Matfield Green - Our first years

Thursday, September 07, 2006

The Moon & Conservation Easements

The full moon out here on the prairie is like nothing you can imagine. Kathy Miller just called to invite Bill and me to go up to Rogler hill to watch it rise tonight. She's making a picnic supper to eat before the show. I had to say no because I have a client this evening. Ah well. But I did get to see the moonset this morning at about 6:20. Bright bright orange slipping quickly over the hill in the west. I caught it just in time.

And the moonglow last night was another site to behold. In the middle of the night (yes, the trains do bother me the tiniest little bit) the sky was lit up like early evening, shadows everywhere.

Speaking of early evening, yesterday evening Jane Koger and Marva Wiegelt came to dinner. They have a large ranch about 5 miles southwest of town. Jane is a fourth generation Chase-Countian and famous as the woman rancher with the pink hightops featured in William Least-Heat Moons book about Chase County, Prairy Earth: A Deep Map. Jane used to run a program called "Prairie Women Adventures" where women would pay to stay on the ranch and work beside her - branding, castrating, and less violent work I'm sure. Marva is a poet who came out here from Kansas City about five years ago and, in her words "between Jane and the Flint Hills, how could I leave?"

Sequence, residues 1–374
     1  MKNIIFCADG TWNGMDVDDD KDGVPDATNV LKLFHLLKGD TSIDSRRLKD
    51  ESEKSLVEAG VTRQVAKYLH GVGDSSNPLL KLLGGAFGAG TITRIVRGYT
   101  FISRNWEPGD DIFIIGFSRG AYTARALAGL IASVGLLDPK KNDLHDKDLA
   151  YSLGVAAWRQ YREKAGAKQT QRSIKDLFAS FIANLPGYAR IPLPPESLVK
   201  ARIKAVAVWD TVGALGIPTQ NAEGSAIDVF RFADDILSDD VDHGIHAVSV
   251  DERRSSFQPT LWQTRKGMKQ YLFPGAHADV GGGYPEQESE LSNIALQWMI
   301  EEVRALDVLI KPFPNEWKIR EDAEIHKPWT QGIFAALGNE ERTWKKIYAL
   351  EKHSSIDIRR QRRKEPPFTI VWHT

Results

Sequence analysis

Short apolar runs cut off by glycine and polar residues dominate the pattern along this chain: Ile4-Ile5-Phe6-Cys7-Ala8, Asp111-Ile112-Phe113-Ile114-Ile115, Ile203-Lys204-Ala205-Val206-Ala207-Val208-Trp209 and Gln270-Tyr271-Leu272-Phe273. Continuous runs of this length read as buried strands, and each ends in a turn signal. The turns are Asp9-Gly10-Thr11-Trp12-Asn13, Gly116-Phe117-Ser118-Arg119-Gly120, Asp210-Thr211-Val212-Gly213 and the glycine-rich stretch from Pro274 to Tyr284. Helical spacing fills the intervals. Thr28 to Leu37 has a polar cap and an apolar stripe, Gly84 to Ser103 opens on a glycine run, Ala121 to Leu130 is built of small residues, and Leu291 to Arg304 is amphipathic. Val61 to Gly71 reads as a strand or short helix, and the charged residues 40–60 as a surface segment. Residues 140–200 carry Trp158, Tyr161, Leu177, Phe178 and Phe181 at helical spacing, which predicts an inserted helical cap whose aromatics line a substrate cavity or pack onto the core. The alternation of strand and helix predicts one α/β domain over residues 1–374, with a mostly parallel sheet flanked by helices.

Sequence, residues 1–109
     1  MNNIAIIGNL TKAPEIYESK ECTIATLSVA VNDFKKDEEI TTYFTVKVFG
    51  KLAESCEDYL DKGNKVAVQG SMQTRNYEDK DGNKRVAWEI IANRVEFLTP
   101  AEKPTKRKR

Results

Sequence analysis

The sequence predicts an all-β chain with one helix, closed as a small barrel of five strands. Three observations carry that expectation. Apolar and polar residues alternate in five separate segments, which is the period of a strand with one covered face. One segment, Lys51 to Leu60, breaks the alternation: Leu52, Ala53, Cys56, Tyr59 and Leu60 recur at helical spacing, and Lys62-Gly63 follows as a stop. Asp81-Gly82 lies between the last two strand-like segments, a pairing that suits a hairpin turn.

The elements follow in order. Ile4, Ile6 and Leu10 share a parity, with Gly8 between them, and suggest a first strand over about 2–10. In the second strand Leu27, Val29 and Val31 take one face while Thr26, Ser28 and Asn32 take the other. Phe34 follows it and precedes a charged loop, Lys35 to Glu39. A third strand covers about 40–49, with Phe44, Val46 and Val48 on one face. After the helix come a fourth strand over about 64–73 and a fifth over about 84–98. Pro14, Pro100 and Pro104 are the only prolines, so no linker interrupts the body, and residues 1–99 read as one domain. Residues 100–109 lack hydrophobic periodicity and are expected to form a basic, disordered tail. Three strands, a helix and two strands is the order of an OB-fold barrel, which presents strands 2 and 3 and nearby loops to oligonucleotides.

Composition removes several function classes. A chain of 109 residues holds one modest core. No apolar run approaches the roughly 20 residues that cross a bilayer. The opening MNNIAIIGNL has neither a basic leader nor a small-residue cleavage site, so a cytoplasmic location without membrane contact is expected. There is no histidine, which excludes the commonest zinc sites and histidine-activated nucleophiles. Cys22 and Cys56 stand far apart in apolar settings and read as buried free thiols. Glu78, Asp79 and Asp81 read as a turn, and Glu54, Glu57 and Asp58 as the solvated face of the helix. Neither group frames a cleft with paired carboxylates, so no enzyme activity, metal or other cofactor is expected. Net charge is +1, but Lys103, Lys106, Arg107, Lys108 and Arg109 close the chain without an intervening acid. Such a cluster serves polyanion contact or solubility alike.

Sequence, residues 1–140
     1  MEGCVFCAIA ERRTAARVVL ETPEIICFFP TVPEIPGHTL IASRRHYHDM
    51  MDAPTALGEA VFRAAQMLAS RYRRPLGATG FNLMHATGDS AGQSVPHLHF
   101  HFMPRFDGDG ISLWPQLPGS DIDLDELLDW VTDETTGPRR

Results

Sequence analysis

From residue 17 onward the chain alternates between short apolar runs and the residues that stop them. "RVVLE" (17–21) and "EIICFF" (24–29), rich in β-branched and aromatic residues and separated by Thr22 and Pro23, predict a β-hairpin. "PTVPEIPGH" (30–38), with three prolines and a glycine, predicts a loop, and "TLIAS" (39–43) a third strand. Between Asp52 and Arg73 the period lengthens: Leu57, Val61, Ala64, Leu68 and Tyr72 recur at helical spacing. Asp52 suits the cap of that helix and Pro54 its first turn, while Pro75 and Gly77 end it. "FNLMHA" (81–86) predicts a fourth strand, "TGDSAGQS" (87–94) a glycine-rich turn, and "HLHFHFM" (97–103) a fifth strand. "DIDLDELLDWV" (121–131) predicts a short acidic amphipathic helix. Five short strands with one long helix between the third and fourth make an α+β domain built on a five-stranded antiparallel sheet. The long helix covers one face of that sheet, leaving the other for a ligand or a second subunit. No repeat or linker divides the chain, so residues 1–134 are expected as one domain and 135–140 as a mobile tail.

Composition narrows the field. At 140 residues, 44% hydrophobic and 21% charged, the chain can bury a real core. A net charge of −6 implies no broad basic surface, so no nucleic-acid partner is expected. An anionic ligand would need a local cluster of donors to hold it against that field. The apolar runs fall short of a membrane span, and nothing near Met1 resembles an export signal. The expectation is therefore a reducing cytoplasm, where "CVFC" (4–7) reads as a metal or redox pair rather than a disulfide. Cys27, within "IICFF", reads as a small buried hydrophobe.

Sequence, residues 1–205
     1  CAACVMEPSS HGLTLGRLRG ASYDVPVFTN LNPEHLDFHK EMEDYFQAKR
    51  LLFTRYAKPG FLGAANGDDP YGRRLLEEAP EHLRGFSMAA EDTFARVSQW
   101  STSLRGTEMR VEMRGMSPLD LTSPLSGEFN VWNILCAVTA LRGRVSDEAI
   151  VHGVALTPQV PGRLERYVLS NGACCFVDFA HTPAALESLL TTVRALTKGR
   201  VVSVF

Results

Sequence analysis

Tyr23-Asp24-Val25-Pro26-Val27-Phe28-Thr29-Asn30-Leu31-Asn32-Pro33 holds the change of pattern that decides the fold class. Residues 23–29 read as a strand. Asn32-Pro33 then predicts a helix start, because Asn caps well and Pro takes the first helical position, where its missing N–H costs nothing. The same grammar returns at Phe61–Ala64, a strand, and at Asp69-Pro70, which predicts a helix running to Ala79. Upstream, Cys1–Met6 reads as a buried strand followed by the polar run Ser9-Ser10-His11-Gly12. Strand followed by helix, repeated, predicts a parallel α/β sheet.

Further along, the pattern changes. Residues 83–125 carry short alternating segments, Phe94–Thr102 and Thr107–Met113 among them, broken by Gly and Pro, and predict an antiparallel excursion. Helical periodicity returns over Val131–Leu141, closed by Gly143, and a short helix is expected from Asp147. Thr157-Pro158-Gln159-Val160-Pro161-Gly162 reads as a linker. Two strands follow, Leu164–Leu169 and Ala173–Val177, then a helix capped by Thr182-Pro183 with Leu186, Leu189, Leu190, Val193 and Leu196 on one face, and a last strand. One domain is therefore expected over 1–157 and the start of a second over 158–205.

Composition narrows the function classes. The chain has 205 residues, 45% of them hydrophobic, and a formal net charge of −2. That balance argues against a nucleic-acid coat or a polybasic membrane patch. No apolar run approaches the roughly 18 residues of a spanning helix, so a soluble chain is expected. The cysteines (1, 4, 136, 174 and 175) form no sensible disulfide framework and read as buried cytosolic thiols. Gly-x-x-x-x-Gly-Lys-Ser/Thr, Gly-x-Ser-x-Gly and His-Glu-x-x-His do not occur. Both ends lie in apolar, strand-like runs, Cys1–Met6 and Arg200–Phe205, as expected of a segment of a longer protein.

Marva brought us a dozen eggs, brown and green, with a label on the carton that said they were laid by "the happiest chickens in the world." I won't argue!

Jane & Marva live in a strawbale house that, except for the recently extended DSL service and the telephone, is entirely off the grid. We compared notes on wind turbines (ours is on order), solar power, batteries and generators. We will not be off the grid - just generating our own power most of the time, drawing when we need to and selling power back when we manage to create more than we need.

Jane is a ground-breaker in many ways. She has donated easements on her whole ranch to the Nature Conservancy. She is running her ranch with a committee that includes Marva, her nephew, a rep from K State, and a bunch of government people. Flying in the face of the typical independent minded rancher profile. She is experimenting with a three-year burn rotation. Only burning a third of her land each year to encourage a diversity of plants and wildlife. She is disproving the general misconception that the way to make money with cattle is to burn every year so that you have more grass and a very few wildflowers in your pasture.

We talked about the Rogler Ranch. Jane knew Wayne Rogler, who died in 1992, and she says that he would be devasted to learn what is happening to his prized 4000 acres of prime Flint Hills grassland (dividede into 7 parcels by the Trust to maximize profits to heirs who apparently have no feeling for the land). Jane explained that in Wayne's time no one ever considered that development would threaten the Flint Hills. Conservations easements were unheard of back then or, says Jane, Wayne would absolutely have done it.

Wind Farms, mining, drilling, commercial and residential development -- the threats are very real now.


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